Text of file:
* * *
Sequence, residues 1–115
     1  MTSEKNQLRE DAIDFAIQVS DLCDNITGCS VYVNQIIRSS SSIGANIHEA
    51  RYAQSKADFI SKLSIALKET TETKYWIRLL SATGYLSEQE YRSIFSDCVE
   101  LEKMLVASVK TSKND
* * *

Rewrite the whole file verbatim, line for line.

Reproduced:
Sequence, residues 1–115
     1  MTSEKNQLRE DAIDFAIQVS DLCDNITGCS VYVNQIIRSS SSIGANIHEA
    51  RYAQSKADFI SKLSIALKET TETKYWIRLL SATGYLSEQE YRSIFSDCVE
   101  LEKMLVASVK TSKND